Words On Birds by Steve Grinley
Bluebirds in Search of Housing
March 10, 2023
By Steve Grinley
Bluebirds are already checking out nesting boxes in area towns. They are one of the earliest nesters, often starting their first brood in late March. Now is the time to put up a nesting box or clean out existing ones. Bluebirds have two and sometimes three broods in a season, so if they don’t move in right away, you might still attract them later in May and June.
For the best chance to attract bluebirds you’ll want a nesting box designed for them. Though there are many different styles, most have a 1 1/2-inch opening that is about five or six inches above a four-inch square floor. Some have wood extensions, or predator guards, over the hole to help deter squirrels, raccoons and large birds. Metal plates around the hole help prevent squirrels from chewing and enlarging the hole. If you plan to monitor the house during the nesting season, you should have one that is easy to open with minimal disturbance to the nest. Bluebirds like an open area for feeding, so placement of bluebird houses should be in or near grassy areas. It is best to place the house on a separate pole away from the tree line, preferably with a baffle on the pole. Direct placement onto a fence post or tree can also be successful, but sometimes more difficult to discourage predators. Bluebirds are territorial so multiple houses must be placed 200-300 feet apart to encourage multiple pairs to nest.
The male, along with female, will go house to house, inspecting for possible occupancy. Soon, they will establish a nesting territory around their chosen home and nest building will begin. The female will construct the nest in about five days with little help from the male. The female will also do all the incubation once their four to five eggs are laid – the male has no brood patch. The male may sometimes “spend the night” in the cavity with the female.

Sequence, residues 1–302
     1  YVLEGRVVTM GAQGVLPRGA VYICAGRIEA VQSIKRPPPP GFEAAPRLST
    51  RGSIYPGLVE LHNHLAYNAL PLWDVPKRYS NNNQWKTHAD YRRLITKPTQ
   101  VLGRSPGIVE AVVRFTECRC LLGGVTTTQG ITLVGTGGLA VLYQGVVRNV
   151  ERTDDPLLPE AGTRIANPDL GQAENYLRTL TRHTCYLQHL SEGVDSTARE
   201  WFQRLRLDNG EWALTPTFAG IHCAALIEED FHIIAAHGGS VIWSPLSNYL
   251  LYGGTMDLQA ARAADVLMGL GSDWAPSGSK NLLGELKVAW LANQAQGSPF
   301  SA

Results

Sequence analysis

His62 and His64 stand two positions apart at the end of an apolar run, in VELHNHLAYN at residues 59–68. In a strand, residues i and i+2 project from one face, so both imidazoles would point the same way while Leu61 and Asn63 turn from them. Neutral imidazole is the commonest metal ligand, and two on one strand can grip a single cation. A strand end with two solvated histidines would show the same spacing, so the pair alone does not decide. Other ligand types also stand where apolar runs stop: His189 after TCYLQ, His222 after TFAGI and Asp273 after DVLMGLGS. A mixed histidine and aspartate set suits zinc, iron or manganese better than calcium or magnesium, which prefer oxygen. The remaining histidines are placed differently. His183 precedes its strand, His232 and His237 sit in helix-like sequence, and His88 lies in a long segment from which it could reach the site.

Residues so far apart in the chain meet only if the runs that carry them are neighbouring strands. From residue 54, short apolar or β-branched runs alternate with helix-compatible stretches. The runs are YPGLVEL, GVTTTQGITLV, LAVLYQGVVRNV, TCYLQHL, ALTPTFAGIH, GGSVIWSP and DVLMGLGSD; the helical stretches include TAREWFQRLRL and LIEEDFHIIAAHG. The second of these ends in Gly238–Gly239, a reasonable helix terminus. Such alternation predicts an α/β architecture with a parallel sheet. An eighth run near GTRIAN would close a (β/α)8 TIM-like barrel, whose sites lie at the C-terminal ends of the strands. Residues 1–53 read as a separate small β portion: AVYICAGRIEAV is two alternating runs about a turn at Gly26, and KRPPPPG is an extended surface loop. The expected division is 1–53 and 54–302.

The female will incubate the eggs for about two weeks. She will leave the nest only a few times a day to find food. Once the eggs are hatched, the male will bring food to the female and young during the first few days.
Bluebirds hunt crawling insects like hawks. They will perch on a stick, low branch or fence post and wait for an insect to show itself. The bluebird then goes to the ground and pounces on its prey, and brings the food back to the nest.
If you want to attract bluebirds with food, or help them during the nesting process, you can provide mealworms, live or dried, in a feeder in proximity to the nesting box. A readily available supply of mealworms will create less stress for the female that leaves the nest in search of food and will help the male provide a more readily available source of nourishment for his mate and offspring. Feeding mealworms will help increase the success rate for nesting bluebirds, and other birds as well, in your yard.
The young bluebirds will fledge in fifteen to twenty days. The adult birds will continue to feed the fledglings, though the young will be able to find food on their own in about two weeks. Since bluebirds may have multiple broods, sometimes young from the first brood will assist in feeding the young from the second or third brood. This may continue into the fall and the “family group” may linger into the following spring season.
Another key to attracting and keeping bluebirds is to provide water. A heated birdbath may attract them through the late winter or a shallow bath during the warmer months. Planting shrubs and bushes that produce berries also provides a natural food source for bluebirds, especially during the colder months when insects are not available.
So the key to attracting bluebirds to your yard is to have potential nest boxes, food and water. We can’t help but feel good when a pair of bluebirds take up residence in our yard!
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